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  2. Jason B says:

    Given (I think) that he’ll go somewhere in the first 2-3 rounds, maybe the poll would have been more enlightening if it were grouped by what *pick* he will be:

    Top 5
    5-10

    25-30

    I don’t think there’s any chance that he lands outside the top 30, so I think those six groups of five picks will be more telling. Right now I think you’ll end up with something like a mean of 2 and a very low standard deviation which won’t be overly revealing.

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    • Zach Sanders says:

      Thought about it, but wanted to see how the normal format worked out with the early rounds. If it doesn’t work all that well, I’ll mix it up next time.

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      • Sal says:

        Had a really difficult time deciding between rounds 2 and 3…on immediate review I think I chose incorrectly.

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      • Socrates says:

        Well for one thing you are going to have a smaller deviation for a low rounder like ARod. I personally stuggled to place him between 2nd and 3rd. I think that while he is not the absolutely dominating 3B option or SS option he was a few years ago, he is still ARod and when projecting where he will be picked in a league with 12 drafters, there is almost certianly going to be someone who is hoping for another 45 HR/ 140 RBI season. Of course 35 HR/ 125 RBI is not that bad for almost any round if he can keep the average around .300.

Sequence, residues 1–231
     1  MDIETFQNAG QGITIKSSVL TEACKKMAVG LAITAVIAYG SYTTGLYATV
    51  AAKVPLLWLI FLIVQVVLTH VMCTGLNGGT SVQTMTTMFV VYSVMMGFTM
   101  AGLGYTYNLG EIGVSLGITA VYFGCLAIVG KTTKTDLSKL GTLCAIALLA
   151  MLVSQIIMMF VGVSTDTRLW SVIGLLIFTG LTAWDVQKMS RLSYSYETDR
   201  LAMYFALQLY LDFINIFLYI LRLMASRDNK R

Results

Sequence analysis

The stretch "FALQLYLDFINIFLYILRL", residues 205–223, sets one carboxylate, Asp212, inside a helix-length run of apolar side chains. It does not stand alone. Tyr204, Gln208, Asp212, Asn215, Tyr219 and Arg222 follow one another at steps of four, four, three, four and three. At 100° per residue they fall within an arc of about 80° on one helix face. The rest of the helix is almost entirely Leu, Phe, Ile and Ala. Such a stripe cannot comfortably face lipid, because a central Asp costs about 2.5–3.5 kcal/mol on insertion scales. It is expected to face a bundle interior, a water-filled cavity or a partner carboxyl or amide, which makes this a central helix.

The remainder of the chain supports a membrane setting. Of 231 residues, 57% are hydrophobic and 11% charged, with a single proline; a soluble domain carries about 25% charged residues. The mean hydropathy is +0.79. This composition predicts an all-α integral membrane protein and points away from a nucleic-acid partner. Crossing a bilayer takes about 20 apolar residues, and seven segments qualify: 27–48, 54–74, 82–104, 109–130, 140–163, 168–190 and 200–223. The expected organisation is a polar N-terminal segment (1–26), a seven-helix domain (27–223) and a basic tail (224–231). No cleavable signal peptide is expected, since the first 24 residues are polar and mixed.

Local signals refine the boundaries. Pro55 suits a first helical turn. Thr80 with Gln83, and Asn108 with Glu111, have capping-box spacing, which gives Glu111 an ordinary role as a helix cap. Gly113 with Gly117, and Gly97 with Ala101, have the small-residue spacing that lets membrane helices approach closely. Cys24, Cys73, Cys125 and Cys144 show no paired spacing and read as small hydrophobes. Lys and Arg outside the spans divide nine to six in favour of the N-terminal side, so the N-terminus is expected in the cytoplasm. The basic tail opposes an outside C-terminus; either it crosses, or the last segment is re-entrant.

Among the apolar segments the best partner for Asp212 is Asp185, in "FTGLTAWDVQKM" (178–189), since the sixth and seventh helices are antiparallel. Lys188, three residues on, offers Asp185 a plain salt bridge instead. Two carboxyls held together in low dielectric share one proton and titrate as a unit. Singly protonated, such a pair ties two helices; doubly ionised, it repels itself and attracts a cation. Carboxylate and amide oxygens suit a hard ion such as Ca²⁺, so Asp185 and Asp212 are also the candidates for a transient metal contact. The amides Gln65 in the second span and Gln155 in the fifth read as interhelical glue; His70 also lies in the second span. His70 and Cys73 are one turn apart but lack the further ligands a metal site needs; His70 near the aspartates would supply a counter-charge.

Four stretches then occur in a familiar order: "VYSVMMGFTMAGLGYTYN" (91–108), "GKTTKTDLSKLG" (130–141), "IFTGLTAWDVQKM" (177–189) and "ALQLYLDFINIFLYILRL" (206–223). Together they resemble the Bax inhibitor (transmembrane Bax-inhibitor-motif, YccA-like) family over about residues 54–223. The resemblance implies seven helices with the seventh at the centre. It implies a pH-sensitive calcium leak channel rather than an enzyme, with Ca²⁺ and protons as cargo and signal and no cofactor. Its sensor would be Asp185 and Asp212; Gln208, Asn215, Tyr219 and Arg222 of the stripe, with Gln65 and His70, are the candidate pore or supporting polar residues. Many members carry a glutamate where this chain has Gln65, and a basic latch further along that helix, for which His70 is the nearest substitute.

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  3. AA says:

    One place where I don’t really see as much value going forward is steals.

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  4. Sal says:

    Also, can I suggest Johan Santana as a potential player to get crowdsourced? He’s supposed to be back in June but I’d be curious as to where people think he will go.

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    • Mark says:

      I’d rather wait on players who we’re waiting for this level of medical update on, probably as long as possible before heavy mock drafting starts, since the available information is bound to change anyway. Its entirely possible if we voted now his mock ADP will be completely different and he’ll need to be discounted from reviewing the croudsourcing process against early mock drafting and eventually actual draft results anyway.